The Asian Tiger. The Forest day mosquito. Aedes albopictus.
The Tiger mosquito has made it’s way to the UK with a first appearance in Kent in 2016. So far it hasn’t turned up in many other places, but with climate change and the huge increase in the movement of people and goods, it will almost certainly be making a wider appearance.
Should We Care?
We’re lucky in the UK. Although we do have mosquitoes of our own (there are 36 species native to our shores) we do not need to worry about mosquito-borne diseases. This is because we have eliminated those diseases over time, along with the mosquitoes that transmitted them. Believe it or not, Malaria and Yellow Fever (“ague”) used to be common in southern England, and were eradicated in the 19th century by draining much of the marshland favoured by the transmitting mosquitoes. So, neither the mosquitoes that carried those diseases, nor the diseases themselves, are around any more in the UK in high enough numbers to pose a threat.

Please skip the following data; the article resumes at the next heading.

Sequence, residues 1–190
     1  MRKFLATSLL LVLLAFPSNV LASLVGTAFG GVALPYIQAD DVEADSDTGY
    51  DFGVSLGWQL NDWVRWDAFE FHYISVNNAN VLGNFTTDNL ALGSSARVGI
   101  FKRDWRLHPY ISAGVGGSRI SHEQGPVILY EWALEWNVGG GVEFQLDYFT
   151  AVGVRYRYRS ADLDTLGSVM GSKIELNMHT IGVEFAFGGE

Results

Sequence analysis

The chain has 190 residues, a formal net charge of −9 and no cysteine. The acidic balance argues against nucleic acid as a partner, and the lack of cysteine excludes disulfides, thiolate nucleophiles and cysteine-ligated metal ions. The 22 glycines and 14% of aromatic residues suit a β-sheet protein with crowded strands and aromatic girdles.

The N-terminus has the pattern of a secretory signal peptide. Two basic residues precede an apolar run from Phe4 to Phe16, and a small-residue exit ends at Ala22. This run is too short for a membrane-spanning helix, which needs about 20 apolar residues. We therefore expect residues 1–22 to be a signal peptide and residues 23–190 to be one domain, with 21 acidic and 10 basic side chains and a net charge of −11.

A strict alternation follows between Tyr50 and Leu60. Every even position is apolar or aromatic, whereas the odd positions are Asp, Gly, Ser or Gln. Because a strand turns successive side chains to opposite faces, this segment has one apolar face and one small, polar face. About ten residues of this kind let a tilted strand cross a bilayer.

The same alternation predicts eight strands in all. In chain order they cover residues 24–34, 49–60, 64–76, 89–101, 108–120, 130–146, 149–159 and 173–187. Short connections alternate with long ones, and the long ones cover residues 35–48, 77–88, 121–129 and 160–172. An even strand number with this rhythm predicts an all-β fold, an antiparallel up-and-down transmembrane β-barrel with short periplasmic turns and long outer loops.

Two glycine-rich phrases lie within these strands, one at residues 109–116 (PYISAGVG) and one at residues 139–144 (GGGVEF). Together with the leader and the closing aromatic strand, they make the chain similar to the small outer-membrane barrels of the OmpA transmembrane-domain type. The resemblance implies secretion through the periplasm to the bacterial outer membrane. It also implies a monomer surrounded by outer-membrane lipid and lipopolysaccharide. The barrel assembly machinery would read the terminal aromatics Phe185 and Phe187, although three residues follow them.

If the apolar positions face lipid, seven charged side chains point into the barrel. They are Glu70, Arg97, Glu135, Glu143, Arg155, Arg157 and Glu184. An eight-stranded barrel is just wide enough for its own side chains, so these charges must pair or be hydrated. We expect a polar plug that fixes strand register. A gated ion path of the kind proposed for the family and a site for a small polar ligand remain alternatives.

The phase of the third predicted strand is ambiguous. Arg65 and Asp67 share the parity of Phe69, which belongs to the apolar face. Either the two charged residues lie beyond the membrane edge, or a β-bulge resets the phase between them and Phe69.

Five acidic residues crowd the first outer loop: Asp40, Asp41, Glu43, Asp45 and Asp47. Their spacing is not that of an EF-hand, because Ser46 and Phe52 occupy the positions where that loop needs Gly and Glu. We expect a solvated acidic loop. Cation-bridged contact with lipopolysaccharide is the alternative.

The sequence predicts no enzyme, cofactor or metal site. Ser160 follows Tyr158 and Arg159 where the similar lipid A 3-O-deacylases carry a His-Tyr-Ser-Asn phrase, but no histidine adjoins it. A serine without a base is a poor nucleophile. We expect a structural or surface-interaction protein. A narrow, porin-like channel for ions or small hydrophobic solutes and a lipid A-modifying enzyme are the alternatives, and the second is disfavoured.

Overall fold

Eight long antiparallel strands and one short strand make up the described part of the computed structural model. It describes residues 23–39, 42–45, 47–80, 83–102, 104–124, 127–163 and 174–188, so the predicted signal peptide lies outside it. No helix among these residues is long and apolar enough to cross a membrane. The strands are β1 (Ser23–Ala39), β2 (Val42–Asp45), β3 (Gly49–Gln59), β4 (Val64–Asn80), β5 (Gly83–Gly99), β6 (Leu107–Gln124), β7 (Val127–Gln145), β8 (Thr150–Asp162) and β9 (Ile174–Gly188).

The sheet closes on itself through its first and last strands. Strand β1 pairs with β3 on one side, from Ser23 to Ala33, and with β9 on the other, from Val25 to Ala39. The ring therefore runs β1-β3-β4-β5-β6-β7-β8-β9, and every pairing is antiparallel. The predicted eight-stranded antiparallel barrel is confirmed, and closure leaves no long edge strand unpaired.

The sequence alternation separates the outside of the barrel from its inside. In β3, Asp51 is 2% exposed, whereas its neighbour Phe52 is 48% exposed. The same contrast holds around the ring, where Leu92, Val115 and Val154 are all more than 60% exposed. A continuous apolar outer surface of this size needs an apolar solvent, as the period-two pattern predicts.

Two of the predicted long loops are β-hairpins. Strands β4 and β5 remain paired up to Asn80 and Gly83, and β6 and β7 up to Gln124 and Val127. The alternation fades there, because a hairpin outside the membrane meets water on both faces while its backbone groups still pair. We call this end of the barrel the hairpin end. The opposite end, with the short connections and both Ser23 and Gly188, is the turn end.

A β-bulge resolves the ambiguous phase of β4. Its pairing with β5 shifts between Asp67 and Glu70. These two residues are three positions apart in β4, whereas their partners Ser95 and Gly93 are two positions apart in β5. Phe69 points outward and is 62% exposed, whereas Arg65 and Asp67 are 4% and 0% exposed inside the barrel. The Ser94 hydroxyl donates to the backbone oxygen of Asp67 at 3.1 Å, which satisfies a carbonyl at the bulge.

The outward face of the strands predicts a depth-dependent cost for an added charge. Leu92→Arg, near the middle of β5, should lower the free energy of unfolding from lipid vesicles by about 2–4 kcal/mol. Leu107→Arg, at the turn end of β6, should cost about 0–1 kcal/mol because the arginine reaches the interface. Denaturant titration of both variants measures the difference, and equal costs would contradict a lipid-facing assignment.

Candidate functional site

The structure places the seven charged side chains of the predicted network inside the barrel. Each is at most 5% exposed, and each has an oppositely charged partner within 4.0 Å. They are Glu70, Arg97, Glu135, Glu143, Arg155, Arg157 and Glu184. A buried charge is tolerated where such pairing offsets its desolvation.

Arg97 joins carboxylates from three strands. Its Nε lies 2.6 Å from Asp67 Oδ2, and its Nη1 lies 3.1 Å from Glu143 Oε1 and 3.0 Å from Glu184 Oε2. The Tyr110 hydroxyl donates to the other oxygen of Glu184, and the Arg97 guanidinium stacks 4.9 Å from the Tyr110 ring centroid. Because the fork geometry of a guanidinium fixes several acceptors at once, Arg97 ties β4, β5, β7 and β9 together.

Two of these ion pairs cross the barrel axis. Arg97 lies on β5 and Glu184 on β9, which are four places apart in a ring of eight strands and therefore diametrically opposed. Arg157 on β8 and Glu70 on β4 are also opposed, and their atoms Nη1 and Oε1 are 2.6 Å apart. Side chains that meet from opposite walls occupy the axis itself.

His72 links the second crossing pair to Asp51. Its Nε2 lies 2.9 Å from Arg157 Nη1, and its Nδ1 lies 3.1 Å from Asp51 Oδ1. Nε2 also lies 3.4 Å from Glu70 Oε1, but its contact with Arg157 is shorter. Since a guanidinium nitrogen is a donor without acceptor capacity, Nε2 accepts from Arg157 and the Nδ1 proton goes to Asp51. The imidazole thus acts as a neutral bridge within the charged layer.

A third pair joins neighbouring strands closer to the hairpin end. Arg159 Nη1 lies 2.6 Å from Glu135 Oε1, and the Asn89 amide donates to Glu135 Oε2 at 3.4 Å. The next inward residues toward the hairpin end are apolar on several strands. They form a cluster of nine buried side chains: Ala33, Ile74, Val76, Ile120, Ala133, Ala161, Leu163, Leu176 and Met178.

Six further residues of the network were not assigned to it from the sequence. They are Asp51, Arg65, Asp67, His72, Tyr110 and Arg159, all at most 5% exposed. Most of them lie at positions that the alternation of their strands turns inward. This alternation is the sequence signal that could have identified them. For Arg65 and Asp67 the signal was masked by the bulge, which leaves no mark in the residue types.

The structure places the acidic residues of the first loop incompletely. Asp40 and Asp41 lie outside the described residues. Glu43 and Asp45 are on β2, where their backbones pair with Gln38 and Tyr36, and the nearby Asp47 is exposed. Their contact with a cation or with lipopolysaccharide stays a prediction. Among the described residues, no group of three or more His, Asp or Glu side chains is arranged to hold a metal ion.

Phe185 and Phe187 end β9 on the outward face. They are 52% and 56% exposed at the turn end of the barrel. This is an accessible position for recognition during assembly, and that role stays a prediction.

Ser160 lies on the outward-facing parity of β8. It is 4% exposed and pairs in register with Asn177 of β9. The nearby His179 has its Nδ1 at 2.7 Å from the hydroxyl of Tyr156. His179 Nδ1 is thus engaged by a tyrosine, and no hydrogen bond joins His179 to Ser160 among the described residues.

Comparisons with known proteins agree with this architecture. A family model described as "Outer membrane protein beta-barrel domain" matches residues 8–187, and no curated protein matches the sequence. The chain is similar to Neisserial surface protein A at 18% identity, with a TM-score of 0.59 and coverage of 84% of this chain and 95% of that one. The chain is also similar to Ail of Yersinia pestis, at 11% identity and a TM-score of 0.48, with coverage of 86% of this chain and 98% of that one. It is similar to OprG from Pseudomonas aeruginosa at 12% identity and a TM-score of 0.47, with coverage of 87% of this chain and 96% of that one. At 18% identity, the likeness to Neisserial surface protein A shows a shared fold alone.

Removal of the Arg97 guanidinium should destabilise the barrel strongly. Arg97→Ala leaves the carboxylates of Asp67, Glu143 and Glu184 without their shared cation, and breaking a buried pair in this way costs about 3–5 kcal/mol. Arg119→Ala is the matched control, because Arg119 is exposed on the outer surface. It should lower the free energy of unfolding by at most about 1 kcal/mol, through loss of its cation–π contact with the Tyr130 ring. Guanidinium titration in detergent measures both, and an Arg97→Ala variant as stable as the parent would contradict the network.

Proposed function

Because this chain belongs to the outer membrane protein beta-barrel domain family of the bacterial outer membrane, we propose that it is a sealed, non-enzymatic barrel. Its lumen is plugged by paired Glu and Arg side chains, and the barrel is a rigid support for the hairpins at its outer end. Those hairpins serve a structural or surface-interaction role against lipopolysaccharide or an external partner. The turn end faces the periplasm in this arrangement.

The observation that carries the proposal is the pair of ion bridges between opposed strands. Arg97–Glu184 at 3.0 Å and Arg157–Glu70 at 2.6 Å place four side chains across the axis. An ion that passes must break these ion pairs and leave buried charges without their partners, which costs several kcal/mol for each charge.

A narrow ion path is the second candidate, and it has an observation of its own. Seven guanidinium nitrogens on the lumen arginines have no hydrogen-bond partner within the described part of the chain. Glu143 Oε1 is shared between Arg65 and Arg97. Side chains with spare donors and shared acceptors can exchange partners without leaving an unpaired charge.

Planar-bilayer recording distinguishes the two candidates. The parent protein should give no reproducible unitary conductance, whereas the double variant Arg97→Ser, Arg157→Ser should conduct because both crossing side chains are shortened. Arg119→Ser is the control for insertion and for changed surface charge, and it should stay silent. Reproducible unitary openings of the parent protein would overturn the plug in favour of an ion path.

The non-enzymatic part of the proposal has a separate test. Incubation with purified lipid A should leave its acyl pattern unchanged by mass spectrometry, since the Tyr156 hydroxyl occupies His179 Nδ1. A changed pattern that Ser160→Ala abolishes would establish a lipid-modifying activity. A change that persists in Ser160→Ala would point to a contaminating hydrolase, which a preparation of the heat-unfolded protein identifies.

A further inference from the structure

Diseases like Dengue, Chikungunya, Malaria, Yellow Fever etc are not contagious through normal person-to-person contact. So if some unlucky traveller returns from a trip abroad having contracted one of those diseases, the rest of the population is safe.
However. The Asian Tiger is a known vector (transmitter) of Dengue and Chikungunya viruses, and it is a sturdy species. It can handle our climate and doesn’t need marshland to breed – it’s quite happy in the much smaller pockets of still water found in nooks and crannies of trees and plants. If it establishes itself in the UK it will be nearly impossible to eradicate. Unlike its Malaria-carrying cousins (Anopheles) which only bite at night, the Tiger enjoys a blood meal at any time of day.
Dengue and Chikungunya have turned up in Europe, and some locally-acquired cases have been reported in France in the last few years. So it seems that both the disease, and the mosquito vector, are headed our way. So yes, we should definitely care, but there is currently no risk to public health in the UK.